When crafting his entrees, Holowacz focuses on pairing. Dishes range from the Spanish flavors of grilled shrimp to Italian favorites such as pizza with goat cheese and herb-infused olive oil, allowing guests to experiment with their white or red selections. For pointers, periodic winemaker dinners and wine tastings cover different varietals and their best edible matches. And while guests sip and sup, inside or on the outdoor patio, Gervais & Vine entertains their ears every Wednesday and Thursday night with live jazz.
The flames of wood-fired ovens flicker under Neapolitan-style pies as chefs assemble subs, giant salads, and traditional Italian fare. With more than 30 toppings, including pine-rosemary chicken, pancetta, and grilled zucchini, diners decorate a 12-inch pizza in countless fashions or select from specialty pies such as onion and gorgonzola. Meanwhile, pasta dishes fill the dining room with rich scents and a dozen subs, sandwiches, and wraps keep hands from compulsively slapping their owners' cheeks. In addition to singling out pie-tanza's "warm rustic garlic bread," the State praised that the ambiance marries New- and Old-World influences, noting the "brick arches," "rustic colors," and "Italian blown glass spotlights and futuristic elements." For those who wish to supply their own ambiance, customers celebrating a birthday, hosting a seminar, or throwing a seminar-themed birthday party can count on pie-tanza to cater the event with fare such as baked ziti and goat-cheese salad.
Carolina Deli has stood on the frontlines of the lunchtime rush for more than three decades, furnishing empty belly space with fresh sandwiches, salads, house-made sweets, and freshly brewed iced tea. Owners Travis and Melanie Mooney prevail over the homey, family-operated eatery, where Midlands munchers flock five days a week to tackle the shop's diverse menu with their mouths. Carolina Deli's specialty sandwiches, such as the Eagle, stuffed with roast beef, turkey, and bacon, challenge jaw-stretching capabilities with hefty stacks of meats and veggies, and the deli allows diners to design their own meaty, handheld creations. Luncheons, corporate events, and weddings can also treat taste buds to a catered Carolina Deli spread, including an optional, 3-foot tall chocolate fountain, in which guests can dip fruit or "accidentally" drop a penny into before diving in to retrieve it.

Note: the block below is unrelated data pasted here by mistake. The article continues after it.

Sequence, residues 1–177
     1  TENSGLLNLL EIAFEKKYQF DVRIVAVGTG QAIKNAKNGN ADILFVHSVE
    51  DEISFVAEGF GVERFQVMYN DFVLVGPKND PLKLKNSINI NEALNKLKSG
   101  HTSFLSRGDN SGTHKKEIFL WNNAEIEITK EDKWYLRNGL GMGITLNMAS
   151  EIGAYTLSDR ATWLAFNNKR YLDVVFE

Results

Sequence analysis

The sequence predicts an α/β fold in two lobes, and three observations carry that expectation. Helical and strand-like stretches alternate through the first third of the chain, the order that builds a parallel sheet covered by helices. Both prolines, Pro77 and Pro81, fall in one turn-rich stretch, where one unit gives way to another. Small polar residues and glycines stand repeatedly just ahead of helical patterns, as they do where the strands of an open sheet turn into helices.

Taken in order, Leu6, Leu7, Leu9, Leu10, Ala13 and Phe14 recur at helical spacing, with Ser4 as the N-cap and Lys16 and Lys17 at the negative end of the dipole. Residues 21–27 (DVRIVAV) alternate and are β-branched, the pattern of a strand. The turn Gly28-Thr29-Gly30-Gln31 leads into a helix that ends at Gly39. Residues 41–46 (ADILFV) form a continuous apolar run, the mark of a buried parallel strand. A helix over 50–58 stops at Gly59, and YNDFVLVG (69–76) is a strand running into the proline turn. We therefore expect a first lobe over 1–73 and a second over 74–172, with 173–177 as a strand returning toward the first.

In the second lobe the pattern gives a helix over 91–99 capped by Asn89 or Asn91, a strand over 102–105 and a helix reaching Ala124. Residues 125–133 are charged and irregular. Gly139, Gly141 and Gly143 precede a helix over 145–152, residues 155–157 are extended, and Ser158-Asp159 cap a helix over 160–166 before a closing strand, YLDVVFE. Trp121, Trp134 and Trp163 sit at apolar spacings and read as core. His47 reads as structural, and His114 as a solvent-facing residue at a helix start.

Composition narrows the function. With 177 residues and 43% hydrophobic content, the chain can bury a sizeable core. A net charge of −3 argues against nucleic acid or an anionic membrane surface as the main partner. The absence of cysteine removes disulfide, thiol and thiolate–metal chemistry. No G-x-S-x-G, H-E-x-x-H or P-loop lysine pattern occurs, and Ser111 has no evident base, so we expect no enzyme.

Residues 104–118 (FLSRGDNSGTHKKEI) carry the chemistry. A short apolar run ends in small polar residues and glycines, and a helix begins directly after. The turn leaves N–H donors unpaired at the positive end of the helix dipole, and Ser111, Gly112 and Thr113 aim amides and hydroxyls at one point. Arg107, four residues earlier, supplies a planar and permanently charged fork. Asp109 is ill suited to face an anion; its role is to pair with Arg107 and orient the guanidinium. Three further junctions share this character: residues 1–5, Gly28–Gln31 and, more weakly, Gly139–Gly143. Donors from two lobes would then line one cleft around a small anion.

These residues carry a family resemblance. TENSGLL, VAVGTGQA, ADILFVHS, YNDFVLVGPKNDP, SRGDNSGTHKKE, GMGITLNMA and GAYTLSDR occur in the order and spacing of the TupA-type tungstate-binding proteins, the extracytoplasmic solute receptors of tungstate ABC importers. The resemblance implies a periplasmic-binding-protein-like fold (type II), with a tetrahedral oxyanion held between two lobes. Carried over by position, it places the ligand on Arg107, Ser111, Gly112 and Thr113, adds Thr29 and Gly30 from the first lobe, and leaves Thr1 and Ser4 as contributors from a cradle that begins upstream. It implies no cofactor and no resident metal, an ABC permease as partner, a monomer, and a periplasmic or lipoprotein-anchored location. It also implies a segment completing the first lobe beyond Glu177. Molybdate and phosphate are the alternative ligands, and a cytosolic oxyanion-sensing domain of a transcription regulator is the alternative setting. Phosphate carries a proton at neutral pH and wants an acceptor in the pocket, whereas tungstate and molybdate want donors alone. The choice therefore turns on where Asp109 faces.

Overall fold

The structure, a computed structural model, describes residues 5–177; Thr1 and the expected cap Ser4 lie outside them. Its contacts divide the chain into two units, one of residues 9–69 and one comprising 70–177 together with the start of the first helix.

Eric Leon, owner and founder, has been wrapping enchiladas and simmering the spices of traditional Mexican cuisine since he was 12 years old. Now, he helms a team of chefs as they bury crispy chimichangas beneath mounds of melted cheese, serve heaps of shrimp and bell peppers in a still-sizzling skillet, and marinate chunks of chicken in a dark, chocolaty mole sauce. Authentic dishes such as these have earned San Jose Mexican Restaurant its spot as Columbia?s Best Mexican Restaurant according to Columbia Metropolitan readers. The eatery?s popularity also stems from the lively environs: the glow of TVs and video games flicker off brick walls, and occasional live music encourages syncopated chewing.